Advertisement
The Body: The Complete HIV/AIDS Resource
Follow Us Follow Us on Facebook Follow Us on Twitter Download Our App
Professionals >> Visit The Body PROThe Body en Espanol
   
Ask the Experts About

Safe Sex and HIV PreventionSafe Sex and HIV Prevention
           
Rollover images to visit our other forums!
Recent AnswersAsk a Question
  
  • Email Email
  • Glossary Glossary


What exactly is AIDS? In detail.
May 28, 1997

What exactly is AIDS? In detail.

Well, my heading pretty much asks my whole question. I am doing a report/presentation in one of my classes at school and I would like a detailed answer on what AIDS is. Thanks.

Response from Mr. Sowadsky

Hi. Thank you for your question. AIDS is a disease caused by a virus called HIV (Human Immunodeficiency Virus). AIDS stands for Acquired Immunodeficiency Syndrome. In this disease, the HIV virus damages the immune system, so the body is no longer able to fight off diseases, that normally it would be able to fight off. HIV infects and destroys a specific cell of your immune system called a CD4 cell (also called a T4 cell or a T helper cell). The CD4 cells are the "generals" of the "immune system army". The CD4 cells tells other cells of the immune system what to do when an invading organism, germ, or cancer cell is found in the body. Basically what HIV does, is kill off the CD4 cells (that is, it kills off the generals of the army). When the generals of the "immune system army" are killed off, the rest of the immune system won't know what to do to fight off invaders. This is how HIV damages the immune system.

When HIV first enters the body, your immune system immediately attacks the virus, and keeps it under control for a number of years. During this time, the virus is at constant battle with your immune system. Your body tries to get rid of the virus, but can only keep it under control. After a number of years, your immune system starts to lose it's battle against HIV. After an average of 10 years of fighting HIV, your immune system starts to weaken, and this is when full-blown AIDS begins. During this 10 year period, a person may have no symptoms at all, and feel fine and look fine. During this time, the person is considered HIV positive, but does not yet have full-blown AIDS.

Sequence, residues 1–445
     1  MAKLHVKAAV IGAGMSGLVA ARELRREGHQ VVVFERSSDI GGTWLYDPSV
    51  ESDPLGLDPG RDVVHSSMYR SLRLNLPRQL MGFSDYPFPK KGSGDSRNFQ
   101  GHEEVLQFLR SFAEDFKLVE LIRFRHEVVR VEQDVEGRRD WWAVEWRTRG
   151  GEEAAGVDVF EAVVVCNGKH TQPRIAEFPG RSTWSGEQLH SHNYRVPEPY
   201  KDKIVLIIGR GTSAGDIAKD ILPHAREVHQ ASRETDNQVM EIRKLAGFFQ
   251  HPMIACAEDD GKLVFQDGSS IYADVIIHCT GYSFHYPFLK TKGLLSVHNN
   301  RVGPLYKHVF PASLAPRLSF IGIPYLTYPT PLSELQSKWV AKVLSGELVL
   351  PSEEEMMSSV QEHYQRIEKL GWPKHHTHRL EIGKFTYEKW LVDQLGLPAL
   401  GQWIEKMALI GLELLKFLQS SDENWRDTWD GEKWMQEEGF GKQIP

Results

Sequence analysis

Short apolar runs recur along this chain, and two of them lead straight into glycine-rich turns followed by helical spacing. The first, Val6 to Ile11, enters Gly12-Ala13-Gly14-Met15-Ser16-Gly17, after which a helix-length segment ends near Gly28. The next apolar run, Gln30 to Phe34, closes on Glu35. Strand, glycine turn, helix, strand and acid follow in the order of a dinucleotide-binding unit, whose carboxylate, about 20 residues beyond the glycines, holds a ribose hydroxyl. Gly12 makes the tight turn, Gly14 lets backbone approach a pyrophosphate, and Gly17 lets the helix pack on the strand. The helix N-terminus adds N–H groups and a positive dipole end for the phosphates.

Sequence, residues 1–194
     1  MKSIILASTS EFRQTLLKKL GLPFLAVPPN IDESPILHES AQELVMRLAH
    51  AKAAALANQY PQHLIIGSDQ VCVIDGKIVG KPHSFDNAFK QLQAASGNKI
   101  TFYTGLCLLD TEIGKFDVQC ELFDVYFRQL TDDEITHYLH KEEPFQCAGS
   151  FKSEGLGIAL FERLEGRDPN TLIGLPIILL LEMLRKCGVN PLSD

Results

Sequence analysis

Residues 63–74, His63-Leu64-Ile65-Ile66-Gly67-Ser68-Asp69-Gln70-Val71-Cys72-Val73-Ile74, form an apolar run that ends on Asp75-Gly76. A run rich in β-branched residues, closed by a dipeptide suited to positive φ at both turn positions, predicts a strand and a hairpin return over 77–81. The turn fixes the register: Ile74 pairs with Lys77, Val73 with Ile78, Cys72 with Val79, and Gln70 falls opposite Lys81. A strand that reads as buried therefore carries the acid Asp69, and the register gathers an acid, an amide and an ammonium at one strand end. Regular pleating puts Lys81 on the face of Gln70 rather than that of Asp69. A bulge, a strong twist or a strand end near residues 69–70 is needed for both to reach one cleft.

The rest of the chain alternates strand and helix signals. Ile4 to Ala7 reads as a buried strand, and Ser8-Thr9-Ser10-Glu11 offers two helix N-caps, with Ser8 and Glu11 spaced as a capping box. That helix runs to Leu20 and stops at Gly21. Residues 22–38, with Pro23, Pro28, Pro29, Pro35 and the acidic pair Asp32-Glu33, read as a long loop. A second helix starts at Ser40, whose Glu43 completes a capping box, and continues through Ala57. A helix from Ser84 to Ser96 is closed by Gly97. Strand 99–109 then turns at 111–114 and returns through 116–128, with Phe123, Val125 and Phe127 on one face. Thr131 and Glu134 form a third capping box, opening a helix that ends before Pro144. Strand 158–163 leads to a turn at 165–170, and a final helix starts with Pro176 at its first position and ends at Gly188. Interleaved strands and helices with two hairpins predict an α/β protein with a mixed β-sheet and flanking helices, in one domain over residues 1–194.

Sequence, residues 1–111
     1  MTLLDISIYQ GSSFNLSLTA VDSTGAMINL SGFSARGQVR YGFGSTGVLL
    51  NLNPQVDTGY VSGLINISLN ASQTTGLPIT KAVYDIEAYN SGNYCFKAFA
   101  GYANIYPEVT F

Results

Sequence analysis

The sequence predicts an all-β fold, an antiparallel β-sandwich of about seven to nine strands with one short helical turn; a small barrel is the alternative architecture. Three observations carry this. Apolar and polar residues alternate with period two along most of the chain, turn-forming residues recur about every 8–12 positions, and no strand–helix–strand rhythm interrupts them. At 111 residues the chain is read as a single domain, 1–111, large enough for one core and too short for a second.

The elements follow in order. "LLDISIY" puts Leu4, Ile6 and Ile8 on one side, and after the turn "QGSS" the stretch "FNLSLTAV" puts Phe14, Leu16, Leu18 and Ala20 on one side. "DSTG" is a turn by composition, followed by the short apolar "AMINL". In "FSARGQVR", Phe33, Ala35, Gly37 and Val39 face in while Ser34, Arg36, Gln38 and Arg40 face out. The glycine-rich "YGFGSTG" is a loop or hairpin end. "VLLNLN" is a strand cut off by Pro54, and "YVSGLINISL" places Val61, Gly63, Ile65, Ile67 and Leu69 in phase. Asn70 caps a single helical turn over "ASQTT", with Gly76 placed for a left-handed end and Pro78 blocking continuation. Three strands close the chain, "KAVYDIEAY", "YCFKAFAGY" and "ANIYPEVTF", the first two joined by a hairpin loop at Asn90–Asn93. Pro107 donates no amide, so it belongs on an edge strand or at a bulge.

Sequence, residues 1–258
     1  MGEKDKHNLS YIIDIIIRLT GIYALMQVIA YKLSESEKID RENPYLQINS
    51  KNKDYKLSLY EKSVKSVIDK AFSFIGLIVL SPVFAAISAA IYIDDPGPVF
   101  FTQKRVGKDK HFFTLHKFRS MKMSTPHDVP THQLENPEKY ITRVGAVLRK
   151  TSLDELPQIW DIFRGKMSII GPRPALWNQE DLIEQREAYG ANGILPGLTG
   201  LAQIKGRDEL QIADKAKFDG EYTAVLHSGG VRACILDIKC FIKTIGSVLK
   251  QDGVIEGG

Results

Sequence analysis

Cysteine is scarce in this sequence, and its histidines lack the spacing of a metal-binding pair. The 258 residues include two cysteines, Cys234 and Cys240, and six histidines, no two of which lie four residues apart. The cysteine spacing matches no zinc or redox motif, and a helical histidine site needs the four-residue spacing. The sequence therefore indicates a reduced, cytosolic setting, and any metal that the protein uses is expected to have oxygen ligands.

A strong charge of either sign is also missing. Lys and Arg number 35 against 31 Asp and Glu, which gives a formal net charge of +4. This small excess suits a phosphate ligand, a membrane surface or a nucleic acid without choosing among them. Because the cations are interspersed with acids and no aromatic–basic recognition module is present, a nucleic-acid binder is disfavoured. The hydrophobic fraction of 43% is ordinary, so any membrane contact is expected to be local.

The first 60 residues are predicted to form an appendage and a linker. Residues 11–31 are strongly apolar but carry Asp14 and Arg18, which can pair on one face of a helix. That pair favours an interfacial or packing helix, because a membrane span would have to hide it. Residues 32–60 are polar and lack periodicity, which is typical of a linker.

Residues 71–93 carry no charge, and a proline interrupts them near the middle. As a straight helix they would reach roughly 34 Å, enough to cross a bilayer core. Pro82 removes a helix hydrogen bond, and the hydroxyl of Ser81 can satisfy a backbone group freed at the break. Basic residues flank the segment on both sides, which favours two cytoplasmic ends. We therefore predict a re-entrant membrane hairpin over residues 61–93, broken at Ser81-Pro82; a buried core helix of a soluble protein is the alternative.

The definition of full-blown AIDS is a very specific one. In order to be diagnosed with AIDS, a person must meet the following requirements:

First, a person must be diagnosed with either HIV-1 or HIV-2.

Second, in addition to having HIV, a person must have at least one of the following:

1. A CD4 cell count less than 200.



Previous
WHY HAVE CHILDREN?
Next
A question on AIDS occurances

  
  • Email Email
  • Glossary Glossary

 Get Email Notifications When This Forum Updates or Subscribe With RSS


 
Advertisement



Q&A TERMS OF USE

This forum is designed for educational purposes only, and experts are not rendering medical, mental health, legal or other professional advice or services. If you have or suspect you may have a medical, mental health, legal or other problem that requires advice, consult your own caregiver, attorney or other qualified professional.

Experts appearing on this page are independent and are solely responsible for editing and fact-checking their material. Neither TheBody.com nor any advertiser is the publisher or speaker of posted visitors' questions or the experts' material.

Review our complete terms of use and copyright notice.

Powered by ExpertViewpoint

Advertisement